As this blog has documented on numerous occasions (first; second; third), Canada’s Copyright Act contains an “unlocatable owner” licensing mechanism (sometimes referred to as the “orphan works” mechanism), which enables prospective users of copyrighted works to apply to the Copyright Board for a license to make use of a work where the user has been unable to find the owner of the work in question. As set out in Section 77 of the Copyright Act (Canada), if the Copyright Board “is satisfied that the applicant has made reasonable efforts to locate the owner of the copyright and that the owner cannot be located”, the Board can issue a license.
We’ve previously discussed in detail (see here) some of the limitations of the unlocatable owner mechanism, but if someone did want to make use of it, one issue which historically has remained unclear is what constitutes the “reasonable efforts” required by the Act as a condition to issuance of a license. (To make things more confusing, the Board’s own brochure which provides guidance on how to make unlocatable owner applications states that the Board must conclude that an applicant has “done everything you could to find the copyright owner”, which seems like a much higher bar to clear than “reasonable efforts”.)
While we still don’t have much more clarity on the issue from the Canadian Copyright Board, the United Kingdom’s Intellectual Property Office (which operates a similar unlocatable owner mechanism) has published three different brochures and checklists which sets out that office’s views on what constitutes a “diligent search” for unlocatable copyright owners. There are brochures and checklists for each of three “groups” of copyrighted works:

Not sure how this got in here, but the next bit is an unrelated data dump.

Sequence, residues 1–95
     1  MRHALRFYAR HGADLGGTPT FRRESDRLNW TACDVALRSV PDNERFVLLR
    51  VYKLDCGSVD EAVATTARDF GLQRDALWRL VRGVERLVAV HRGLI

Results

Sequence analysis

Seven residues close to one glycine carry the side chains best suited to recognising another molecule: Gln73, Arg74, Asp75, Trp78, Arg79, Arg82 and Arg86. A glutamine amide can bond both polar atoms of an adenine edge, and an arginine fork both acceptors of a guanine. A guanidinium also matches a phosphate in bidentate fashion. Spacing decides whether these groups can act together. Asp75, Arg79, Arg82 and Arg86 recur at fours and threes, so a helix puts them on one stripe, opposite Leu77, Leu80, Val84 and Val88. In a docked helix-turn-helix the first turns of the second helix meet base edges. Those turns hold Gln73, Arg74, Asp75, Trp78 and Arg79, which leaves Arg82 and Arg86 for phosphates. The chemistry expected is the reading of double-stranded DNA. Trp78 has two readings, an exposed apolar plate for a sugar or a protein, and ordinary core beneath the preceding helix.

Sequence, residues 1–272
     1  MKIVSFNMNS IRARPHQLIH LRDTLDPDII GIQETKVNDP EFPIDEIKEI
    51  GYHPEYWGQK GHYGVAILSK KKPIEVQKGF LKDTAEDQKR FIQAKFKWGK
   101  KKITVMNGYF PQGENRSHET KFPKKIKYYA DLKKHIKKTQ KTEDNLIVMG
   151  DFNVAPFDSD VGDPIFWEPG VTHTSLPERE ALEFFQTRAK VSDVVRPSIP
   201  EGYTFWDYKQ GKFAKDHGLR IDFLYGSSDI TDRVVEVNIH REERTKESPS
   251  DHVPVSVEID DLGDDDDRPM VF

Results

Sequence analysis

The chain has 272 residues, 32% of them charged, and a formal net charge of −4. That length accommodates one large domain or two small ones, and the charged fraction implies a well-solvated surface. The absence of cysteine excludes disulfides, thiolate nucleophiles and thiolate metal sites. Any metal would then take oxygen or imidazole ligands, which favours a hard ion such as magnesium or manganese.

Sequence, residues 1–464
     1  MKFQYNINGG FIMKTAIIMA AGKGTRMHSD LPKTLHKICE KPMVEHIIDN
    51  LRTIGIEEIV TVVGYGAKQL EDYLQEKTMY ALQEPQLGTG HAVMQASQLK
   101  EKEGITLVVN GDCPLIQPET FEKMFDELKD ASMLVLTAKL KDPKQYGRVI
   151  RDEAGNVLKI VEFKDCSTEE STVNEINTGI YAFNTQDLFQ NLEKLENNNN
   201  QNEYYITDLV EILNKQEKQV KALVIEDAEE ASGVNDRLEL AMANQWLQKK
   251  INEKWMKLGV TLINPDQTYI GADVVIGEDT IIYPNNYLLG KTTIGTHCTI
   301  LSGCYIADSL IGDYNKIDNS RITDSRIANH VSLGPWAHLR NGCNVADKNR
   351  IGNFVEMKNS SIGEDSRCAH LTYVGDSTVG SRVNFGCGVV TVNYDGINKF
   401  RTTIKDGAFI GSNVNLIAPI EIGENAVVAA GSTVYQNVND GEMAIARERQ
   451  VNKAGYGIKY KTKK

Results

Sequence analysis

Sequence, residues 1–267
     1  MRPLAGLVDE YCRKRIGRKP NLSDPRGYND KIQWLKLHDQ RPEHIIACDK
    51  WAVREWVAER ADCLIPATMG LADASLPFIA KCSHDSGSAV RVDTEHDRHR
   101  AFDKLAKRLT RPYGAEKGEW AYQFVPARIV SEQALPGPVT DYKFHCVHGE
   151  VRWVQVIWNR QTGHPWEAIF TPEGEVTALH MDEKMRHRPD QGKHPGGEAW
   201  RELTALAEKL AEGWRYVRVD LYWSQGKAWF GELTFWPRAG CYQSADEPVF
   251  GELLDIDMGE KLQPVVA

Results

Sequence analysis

- film and sound recordings (including stage plays) (brochure; checklist)
- literary works (brochure; checklist)
- “still visual art” (brochure; checklist)
The checklists, in particular, offer very detailed guidance about potential sources of information regarding copyright owners – as such, though these guides are published for a UK audience, they offer some good inspiration for anyone undertaking clearance activities for any kind of project, including film and TV projects which incorporate pre-existing works.